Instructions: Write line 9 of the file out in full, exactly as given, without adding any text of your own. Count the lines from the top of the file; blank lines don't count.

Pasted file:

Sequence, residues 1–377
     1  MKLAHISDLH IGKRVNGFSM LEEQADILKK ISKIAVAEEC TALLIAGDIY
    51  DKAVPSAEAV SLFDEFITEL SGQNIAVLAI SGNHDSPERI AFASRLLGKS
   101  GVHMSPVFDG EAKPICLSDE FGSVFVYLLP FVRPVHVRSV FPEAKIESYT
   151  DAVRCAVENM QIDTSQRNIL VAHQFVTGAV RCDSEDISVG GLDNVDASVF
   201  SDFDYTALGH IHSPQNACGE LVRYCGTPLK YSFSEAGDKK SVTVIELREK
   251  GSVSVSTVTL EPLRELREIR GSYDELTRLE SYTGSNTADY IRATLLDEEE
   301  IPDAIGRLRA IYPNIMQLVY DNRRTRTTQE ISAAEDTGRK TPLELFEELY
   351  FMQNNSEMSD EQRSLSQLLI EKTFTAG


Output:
   351  FMQNNSEMSD EQRSLSQLLI EKTFTAG